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Thursday, December 31, 2009

Chapter 1. What's Love Got to Do With It?

by Bob Andelman

"We were in Chicago for a wedding in 1984 and just happened to be booked at the same hotel that the Chicago Bears were staying at. We rode up in the elevator with four or five of the Bears. Walter Payton was particularly outgoing and he talked to my daughter, who was about 2, and asked if he could hold her. He threw her up in the air and caught her and that was a real magic moment for me. While I'm sure Walter Payton wouldn't remember that 10 minutes after it happened, it certainly was a defining moment for me. I'll never forget it. From that moment forward whenever Walter Payton had a great day I was able to feel like he was a good friend of mine."
Dr. Rick Weinberg
Clinical psychologist
University of South Florida, Tampa

Men love a lot of things: Mom. America. Big dogs. Hardware stores.

And football.

Football puts the bite on us for four quarters and tosses us around like a terrier taunting a live catch. We're in its teeth, up in the air, on our backs. We're being shaken, not stirred. It's the ride of our lives and we haven't even left the living room couch.

Somehow, we're both Troy Aikman going back to throw the pigskin and Emmitt Smith leaping high on the 2-yard-line to catch the ball and landing in the end zone. We're doing the dance, slapping high- and low-fives.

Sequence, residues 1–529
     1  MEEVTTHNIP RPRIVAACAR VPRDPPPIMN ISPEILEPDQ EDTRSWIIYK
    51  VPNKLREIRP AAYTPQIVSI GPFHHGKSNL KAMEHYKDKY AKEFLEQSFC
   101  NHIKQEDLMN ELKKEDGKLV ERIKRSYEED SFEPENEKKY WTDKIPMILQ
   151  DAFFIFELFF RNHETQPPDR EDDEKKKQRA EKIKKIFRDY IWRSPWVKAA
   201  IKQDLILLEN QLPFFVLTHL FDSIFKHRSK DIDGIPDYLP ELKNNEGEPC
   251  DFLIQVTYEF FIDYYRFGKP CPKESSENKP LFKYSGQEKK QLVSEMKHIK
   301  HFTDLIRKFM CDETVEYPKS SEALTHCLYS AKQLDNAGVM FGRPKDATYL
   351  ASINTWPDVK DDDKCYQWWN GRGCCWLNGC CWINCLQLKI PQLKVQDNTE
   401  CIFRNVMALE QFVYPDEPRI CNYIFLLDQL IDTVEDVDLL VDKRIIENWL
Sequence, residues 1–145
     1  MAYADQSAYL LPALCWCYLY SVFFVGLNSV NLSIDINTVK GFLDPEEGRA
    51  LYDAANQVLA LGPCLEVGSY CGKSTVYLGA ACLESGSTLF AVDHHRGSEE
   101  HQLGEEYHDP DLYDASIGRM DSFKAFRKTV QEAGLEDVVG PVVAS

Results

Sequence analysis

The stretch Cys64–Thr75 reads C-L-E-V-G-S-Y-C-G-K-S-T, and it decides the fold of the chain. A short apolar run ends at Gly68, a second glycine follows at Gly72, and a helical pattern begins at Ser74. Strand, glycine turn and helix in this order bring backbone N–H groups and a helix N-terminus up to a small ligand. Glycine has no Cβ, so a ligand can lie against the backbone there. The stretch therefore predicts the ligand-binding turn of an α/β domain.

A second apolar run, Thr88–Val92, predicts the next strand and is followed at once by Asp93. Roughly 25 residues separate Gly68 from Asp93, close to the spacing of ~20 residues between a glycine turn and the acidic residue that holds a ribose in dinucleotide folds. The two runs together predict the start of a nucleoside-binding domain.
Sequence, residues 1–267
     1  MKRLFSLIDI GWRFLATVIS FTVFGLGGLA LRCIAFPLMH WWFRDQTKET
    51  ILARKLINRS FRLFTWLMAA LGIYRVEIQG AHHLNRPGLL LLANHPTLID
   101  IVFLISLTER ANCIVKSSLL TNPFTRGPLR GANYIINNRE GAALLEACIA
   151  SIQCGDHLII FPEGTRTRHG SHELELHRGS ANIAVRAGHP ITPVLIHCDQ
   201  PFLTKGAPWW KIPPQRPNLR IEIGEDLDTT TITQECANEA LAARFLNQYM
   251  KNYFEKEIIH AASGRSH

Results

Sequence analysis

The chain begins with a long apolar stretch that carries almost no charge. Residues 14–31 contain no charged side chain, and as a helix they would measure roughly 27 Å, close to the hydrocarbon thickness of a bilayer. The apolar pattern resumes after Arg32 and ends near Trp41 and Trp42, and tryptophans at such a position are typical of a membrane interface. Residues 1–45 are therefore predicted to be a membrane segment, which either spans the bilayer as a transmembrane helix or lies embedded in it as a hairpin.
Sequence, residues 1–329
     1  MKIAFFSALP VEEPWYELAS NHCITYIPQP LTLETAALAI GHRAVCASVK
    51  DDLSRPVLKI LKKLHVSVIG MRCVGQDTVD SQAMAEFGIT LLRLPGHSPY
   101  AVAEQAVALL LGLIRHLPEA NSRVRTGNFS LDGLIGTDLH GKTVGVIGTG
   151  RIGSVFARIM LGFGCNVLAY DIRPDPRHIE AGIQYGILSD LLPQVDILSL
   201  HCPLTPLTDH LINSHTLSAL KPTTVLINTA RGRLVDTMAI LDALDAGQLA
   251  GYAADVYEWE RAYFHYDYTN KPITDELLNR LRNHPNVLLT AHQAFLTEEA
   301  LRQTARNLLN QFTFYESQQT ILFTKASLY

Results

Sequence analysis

Sometimes we're on the sidelines, playing coach, barking plays to the defense. Don't get caught deep! Look for the sneak! Don't let 'em get outside!

If a guy can't be on the field playing or coaching football, the second-best thing is to be in the stands or on the couch, watching. Our egos are so tied to sports that if we can't be playing, we want to watch. (We're like that when it comes to sex, too, if you hadn't noticed.)

Any bored and angry woman who's ever glared in futility at a man glued to a divisional playoff game knows this. Just listen to what we say: "Yes! Yes!! YES!!!" or "Aw, SHIT! GODDAMNMOTHERFRIGGIN-SONUVABITCH!DAMNITALLTOHELLICAN'TBELIEVEIT!" Or watch our body language, the way our hands instinctively reach out to snag a pass or scoop up a fumble, the way we pull at an imaginary helmet to signal a face mask violation.

We don't just watch football. We live it.
Super Play Action Football
We become a part of the action, spending three hours every Sunday afternoon and Monday night on a rocket ride with the stars.

There is some envy at work here, too, because we say to each other or ourselves, "Oh, God, would I love to do that!" Or, "I could play that position as well as that guy!"

In football, we see people beat and tackled. For some of us, aggression is part of it. But it's really a matter of personal glory. We'd desperately like to do the end zone shuffle after a touchdown.

Take Roger Brummett, for example. He's vice president of marketing for a human resources management firm in Carmel, Indiana. He played ball in high school, tried out in college as a walk-on and blew out his knee. A good stake in his devotion to the Indianapolis Colts stems from his dreams of what could have been.

"It's a game that if I could have, I would have played all my life," Brummett says. "I mean, why do even bad golfers play every weekend? There's something that stirs their competitive nature. Watching those games on Sundays is an association of a dream that lets us reach out and touch a venue we would have liked to have participated in."